What was the biggest challenge you faced while getting your company up and running, and how did you overcome it?
Early on, a highly experienced entrepreneur who was a friend of mine told me we would have to let go of one of our co-founders. “Who?” I asked. “Oh, I don’t know, one of them. It always happens.” I didn’t believe him, but then we got into a situation where that was the case. It was incredibly difficult because the person in question was a close friend of mine. I wish I could tell you there was an easy answer; there isn’t.
To the entrepreneurs who face this challenge, all I can say is that if you’re in the hot seat of delivering that news, keep a level head, keep away from anything personal, and do everything you can to treat them fairly and with dignity, recognizing their contributions. Be prepared for some hard work ahead to rebuild that friendship.
Are there resources you have utilized that other founders might find compelling or useful?
Honestly, the issue is not finding the one right resource, but the fact there are so many, and there is so much noise these days.
What steps have you taken to secure funding for your company and what, if anything, would you do differently if you had to start over?
As for doing something differently, hindsight is 20/20. I try to avoid that sort of thing, except in a useful, retrospective sense. We had to go through the learnings we did to get to where we are now. “The journey is the reward” may be clichéd, but it is true. If you see the journey as a terrible slog that leads to a pot of gold, you are likely to end up disappointed.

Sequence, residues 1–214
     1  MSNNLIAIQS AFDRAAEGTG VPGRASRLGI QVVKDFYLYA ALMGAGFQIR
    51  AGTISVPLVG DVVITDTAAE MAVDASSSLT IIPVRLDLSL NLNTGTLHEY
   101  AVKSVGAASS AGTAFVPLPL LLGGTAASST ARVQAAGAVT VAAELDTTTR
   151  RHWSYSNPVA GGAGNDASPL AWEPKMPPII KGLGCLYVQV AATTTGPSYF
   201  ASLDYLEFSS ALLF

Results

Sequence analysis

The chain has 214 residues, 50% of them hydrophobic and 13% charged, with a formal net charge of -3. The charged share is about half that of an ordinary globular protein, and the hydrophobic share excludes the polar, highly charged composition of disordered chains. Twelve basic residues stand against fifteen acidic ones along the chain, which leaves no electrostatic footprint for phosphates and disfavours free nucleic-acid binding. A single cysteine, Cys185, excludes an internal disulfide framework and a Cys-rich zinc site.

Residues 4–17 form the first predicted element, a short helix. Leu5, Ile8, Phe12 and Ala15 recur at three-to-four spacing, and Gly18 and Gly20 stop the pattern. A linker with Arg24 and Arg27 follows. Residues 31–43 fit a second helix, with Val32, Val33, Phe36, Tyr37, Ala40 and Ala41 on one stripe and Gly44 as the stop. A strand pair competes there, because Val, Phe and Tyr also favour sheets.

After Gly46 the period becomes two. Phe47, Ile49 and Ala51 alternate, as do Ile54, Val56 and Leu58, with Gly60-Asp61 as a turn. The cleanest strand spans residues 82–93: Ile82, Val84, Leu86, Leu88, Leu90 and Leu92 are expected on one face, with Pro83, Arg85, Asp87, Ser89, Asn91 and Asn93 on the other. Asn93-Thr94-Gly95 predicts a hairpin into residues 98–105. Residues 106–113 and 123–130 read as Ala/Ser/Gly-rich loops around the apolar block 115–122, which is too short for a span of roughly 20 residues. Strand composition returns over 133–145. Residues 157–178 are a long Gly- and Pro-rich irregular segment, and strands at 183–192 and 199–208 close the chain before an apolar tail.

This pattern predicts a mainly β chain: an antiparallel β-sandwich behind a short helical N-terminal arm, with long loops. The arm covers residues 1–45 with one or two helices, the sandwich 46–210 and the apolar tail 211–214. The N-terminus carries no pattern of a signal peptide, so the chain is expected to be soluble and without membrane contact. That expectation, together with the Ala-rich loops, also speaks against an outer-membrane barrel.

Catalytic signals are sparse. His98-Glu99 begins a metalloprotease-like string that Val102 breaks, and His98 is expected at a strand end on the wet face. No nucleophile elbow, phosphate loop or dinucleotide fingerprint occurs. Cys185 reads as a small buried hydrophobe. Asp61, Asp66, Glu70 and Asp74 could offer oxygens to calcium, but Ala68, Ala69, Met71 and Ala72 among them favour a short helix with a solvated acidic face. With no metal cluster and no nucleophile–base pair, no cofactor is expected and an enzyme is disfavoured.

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Have there been any questions you have had as an entrepreneur of a fledgling startup that you had a particularly hard time finding the answers to?
For most things, I would say it is easy these days. Almost anything you want to find out is somewhere on the Internet. The one thing I would point to would be pricing models and contractual arrangements for high-cost, high-value B2B software and services. Companies in that line of business tend to be understandably protective of their models and regard them as proprietary.
To be fair, we do not publish pricing on our site. It is also true that when we share our model with prospective customers, it is incredibly simple and easy to understand. We have seen some complex licensing models out there and do not want to go down that path.
What challenges, if any, are you grappling with?
It is a challenge for most high-value B2B businesses to transition from what we call “Rolodex selling”, the founders going through their contact lists, to a more structured sales approach, including marketing-based demand generation. We are in the midst of that right now. It is going well, but we are definitely learning along the way.
What is the most helpful tip or “hack” you’ve ever learned, stumbled across, or been given?
I try to learn something fundamental from every place I work. Except in rare cases, that is nearly always a positive lesson. For example, John Warnock, the founder of Adobe, once told me, “The money has to be a happy accident.” By that he meant, if you were in it for the money, you were in it for the wrong reasons and you were likely to fail. That has always stuck with me.